These Frogs got no Soul

Funny story written by Thelonius

Wednesday, 16 September 2020

image for These Frogs got no Soul
Here, Trigger!

Scientists at Harvard, or maybe it’s Yale, are on a quest to excise the soul.

Souls are associated with living beings and are thought to carry on, either in a very heavenly manner, or in an unspeakably horrific one, after their life form dies. Some people live their lives directed by the “nice” option, and most others don’t.

During laboratory work in cryogenics, frogs have been frozen solid, then warmed back to life. When frozen, frogs are not alive, and naturally lose their souls. As if a soul could exist in a block of ice!

Tests have shown that frozen frogs when brought back to life, are quite different from non-frozen frogs. It seems that they, like many of us, have “lost their religion”.

Frog subjects of cryogenics tend to drink (primarily cocktails, mostly Bee’s Knees) and smoke recklessly (no, they don’t explode) and engage in sex indiscriminately (frequently with other species, mostly horses).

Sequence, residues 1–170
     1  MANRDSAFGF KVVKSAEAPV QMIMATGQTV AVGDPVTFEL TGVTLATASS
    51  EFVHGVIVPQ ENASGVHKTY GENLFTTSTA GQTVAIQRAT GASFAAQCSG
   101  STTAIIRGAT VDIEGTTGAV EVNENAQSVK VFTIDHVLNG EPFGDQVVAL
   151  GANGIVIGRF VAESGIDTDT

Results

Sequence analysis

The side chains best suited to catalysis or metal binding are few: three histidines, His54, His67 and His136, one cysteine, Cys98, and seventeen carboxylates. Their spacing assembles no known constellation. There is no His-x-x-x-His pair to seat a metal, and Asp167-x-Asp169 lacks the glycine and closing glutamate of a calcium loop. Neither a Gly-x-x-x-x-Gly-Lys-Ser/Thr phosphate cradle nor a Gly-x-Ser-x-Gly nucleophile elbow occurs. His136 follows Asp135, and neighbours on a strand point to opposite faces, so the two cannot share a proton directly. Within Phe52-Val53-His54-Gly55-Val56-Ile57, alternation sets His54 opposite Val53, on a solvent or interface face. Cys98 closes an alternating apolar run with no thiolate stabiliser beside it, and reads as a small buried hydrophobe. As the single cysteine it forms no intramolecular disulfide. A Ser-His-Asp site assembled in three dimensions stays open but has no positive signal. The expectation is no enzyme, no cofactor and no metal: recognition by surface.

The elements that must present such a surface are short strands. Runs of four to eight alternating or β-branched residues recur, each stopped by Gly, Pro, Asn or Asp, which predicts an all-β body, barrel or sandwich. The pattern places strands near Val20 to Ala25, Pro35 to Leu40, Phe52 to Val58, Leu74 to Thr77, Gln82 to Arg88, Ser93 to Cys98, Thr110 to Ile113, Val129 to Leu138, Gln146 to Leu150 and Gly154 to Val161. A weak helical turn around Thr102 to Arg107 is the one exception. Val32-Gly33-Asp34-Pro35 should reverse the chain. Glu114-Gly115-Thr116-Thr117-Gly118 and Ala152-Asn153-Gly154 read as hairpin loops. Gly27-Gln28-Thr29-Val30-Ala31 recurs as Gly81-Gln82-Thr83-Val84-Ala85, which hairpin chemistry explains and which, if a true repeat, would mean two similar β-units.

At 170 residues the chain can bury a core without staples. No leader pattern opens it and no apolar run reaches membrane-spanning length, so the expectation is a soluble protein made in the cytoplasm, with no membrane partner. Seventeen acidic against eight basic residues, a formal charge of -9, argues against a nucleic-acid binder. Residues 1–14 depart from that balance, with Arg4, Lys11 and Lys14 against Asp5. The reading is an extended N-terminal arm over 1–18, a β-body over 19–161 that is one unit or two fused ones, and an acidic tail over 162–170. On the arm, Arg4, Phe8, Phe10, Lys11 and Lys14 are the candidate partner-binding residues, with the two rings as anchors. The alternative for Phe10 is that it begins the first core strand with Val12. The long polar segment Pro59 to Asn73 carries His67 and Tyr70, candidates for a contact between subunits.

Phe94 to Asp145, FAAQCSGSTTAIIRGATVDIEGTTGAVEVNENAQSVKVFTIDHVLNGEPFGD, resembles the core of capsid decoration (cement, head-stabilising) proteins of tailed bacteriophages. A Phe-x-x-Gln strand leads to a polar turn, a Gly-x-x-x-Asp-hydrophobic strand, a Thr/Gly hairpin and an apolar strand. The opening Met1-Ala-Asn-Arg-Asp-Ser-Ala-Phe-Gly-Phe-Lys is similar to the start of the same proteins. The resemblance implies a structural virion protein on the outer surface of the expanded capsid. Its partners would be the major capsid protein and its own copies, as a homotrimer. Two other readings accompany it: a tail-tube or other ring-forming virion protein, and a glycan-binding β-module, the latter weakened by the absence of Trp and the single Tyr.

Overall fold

They do poorly on multiple-choice exams, particularly on religious topics. Many, for example, believe the eight Beatitudes from the Book of Matthew were to be found in “Horse and Hound” magazine. For some of them, Hosannah has become “Oh, Susanna”, and others misidentified the site of the crucifixion as Calgary rather than Calvary, which would be laughable if this was not about religion, where nothing is ever funny, ever.

It may not even be that they don’t know. Importantly, it may be that they have the freedom to not give a shit.

Studies show that cryogenic frogs have longer life expectations than their non-cryogenic kin. Apparently, the horses don’t mind. These frogs experience less guilt, and the resulting stress in their lives despite the hundreds of innocent insects (some very young) they consume each day. Stress in frogs is measured scientifically. Something about loose stools or eyes bulging out or something.

It appears the lack of a soul in cryogenic frogs is reducing their daily pressures. In light of the study, many people are showing an interest in a cryogenics treatment or two; particularly Catholics and the sons of Jewish mothers.

Cryopreservation packages cost between $28000 and $35000 (transportation not included). At the upper end, your treatment is frost-free and your unit makes craft ice.

The funny story above is a satire or parody. It is entirely fictitious.

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